Our free, one-year catch-up program has been a transformative experience for Mignot, who dropped out of a government school a few years ago.
“She couldn’t read or write, but now she loves to read when she gets home,” beams Mignot’s mother, Alemitu.
Letters of the alphabet decorate the inside of Mignot’s classroom.
“Mignot is one of my students that really excelled. She is now one of the top students in this classroom. I am very proud of her.”
Derese, Luminos teacher in Ethiopia
“Mignot is one of my students that really excelled. She is now one of the top students in this classroom. I am very proud of her,” says her teacher, Derese. “The best thing about being a teacher is seeing my students improve. It is quite amazing how they transform within such a short period of time.”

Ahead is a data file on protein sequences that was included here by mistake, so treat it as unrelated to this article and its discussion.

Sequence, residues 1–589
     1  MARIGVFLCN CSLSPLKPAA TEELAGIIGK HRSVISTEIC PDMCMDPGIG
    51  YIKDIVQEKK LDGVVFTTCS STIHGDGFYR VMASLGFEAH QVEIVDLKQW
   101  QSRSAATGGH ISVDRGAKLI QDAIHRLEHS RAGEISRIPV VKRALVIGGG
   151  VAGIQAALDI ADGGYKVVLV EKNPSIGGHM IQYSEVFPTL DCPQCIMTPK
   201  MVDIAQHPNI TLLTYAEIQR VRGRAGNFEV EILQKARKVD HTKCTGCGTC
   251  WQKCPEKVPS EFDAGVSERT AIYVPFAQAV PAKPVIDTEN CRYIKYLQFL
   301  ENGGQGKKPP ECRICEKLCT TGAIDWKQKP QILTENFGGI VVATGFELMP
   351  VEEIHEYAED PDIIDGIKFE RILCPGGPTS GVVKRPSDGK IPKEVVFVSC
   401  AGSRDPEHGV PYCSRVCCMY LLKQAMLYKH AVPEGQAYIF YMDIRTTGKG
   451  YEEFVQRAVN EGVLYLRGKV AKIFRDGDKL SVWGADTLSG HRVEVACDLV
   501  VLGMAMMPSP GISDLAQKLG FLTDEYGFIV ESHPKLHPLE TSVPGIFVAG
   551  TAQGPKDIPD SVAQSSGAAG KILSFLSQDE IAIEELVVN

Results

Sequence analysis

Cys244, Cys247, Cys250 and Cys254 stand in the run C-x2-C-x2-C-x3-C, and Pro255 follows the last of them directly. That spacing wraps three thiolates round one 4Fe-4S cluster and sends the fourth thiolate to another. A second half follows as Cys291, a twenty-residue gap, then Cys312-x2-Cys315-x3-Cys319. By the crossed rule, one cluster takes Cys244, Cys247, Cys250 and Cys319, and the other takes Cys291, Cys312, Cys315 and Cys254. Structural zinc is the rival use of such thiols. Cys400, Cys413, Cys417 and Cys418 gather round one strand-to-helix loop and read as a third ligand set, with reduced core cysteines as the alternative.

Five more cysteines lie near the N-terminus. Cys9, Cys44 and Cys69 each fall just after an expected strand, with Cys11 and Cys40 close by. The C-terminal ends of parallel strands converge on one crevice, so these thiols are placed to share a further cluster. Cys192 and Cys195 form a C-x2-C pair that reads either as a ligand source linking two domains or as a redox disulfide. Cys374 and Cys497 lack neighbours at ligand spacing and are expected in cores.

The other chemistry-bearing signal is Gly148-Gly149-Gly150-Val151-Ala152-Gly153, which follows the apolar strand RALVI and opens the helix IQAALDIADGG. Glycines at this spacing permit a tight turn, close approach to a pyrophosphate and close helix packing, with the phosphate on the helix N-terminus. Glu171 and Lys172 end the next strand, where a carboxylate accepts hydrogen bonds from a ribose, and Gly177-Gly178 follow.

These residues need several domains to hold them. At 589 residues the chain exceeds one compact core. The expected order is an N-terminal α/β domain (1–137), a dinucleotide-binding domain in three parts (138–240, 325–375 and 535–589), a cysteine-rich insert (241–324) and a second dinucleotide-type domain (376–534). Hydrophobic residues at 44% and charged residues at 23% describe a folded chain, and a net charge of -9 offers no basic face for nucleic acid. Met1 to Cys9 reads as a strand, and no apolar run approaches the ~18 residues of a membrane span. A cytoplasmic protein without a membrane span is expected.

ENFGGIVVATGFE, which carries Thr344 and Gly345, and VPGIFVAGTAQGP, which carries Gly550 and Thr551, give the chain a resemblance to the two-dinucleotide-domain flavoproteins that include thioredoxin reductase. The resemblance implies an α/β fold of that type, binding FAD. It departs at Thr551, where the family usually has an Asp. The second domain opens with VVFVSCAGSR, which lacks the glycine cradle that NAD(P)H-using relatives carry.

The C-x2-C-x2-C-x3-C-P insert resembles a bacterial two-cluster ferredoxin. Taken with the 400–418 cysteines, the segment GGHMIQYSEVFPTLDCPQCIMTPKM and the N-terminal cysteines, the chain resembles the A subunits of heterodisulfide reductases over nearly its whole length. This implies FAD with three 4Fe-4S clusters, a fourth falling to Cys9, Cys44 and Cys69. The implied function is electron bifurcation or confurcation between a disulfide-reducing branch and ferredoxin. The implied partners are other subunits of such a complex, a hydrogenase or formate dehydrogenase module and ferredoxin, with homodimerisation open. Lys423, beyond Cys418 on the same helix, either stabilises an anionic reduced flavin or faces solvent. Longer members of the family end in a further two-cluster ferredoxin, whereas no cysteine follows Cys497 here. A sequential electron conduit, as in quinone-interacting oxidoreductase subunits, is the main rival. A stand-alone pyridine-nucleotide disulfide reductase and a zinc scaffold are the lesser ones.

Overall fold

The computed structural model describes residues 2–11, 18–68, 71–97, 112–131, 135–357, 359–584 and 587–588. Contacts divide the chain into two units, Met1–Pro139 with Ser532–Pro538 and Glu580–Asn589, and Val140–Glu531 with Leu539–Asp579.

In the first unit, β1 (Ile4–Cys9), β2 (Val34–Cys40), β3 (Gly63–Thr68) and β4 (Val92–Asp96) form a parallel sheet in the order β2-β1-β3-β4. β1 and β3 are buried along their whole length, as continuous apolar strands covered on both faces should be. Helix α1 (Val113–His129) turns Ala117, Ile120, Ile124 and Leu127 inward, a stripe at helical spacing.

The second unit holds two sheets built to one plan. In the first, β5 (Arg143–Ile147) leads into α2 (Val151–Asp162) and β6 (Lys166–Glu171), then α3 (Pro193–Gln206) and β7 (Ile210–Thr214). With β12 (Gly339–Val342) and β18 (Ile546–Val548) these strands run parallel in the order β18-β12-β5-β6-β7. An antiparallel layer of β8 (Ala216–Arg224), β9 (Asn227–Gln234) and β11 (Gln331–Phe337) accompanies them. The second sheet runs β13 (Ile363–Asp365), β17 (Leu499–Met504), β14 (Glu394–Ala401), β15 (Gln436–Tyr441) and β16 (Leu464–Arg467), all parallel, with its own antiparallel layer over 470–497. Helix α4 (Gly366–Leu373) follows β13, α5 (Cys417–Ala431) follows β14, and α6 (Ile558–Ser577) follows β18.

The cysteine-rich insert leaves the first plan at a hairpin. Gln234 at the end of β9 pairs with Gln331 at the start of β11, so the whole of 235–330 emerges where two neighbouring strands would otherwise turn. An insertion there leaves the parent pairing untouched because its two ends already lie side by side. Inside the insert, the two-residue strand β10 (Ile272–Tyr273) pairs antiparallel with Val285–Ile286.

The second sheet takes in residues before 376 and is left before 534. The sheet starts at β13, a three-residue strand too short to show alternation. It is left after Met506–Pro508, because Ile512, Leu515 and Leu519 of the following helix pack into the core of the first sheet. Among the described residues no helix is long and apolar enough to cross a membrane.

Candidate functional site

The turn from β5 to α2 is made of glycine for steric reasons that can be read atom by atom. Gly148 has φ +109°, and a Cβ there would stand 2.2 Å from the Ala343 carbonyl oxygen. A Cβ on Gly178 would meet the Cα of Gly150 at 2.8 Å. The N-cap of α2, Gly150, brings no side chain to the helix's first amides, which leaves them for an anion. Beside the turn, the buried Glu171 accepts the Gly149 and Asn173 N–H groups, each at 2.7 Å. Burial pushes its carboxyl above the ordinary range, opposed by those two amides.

He adds, “Educating girls is important for our country because they make up half of the population and can have a huge impact on the community.”
The Luminos program is transformative for vulnerable children like Mignot. Children learn to read, write, and do math, and over 90% of Luminos students continue their education after our program: advancing into government schools with their peers.
Setting up impactful classrooms like this is ambitious and necessary, especially in today’s global learning crisis — and occasionally met with skepticism.
“At first, I thought it was impossible. I just couldn’t accept it. I had so many questions about the program,” admits Mesfin Yacob, the government’s district-level Team Leader who provides support to all the classrooms in Mignot’s community. But after seeing Luminos students and teachers interact with enthusiasm and determination, and the dramatic learning gains that Luminos students make, Mesfin changed his mind.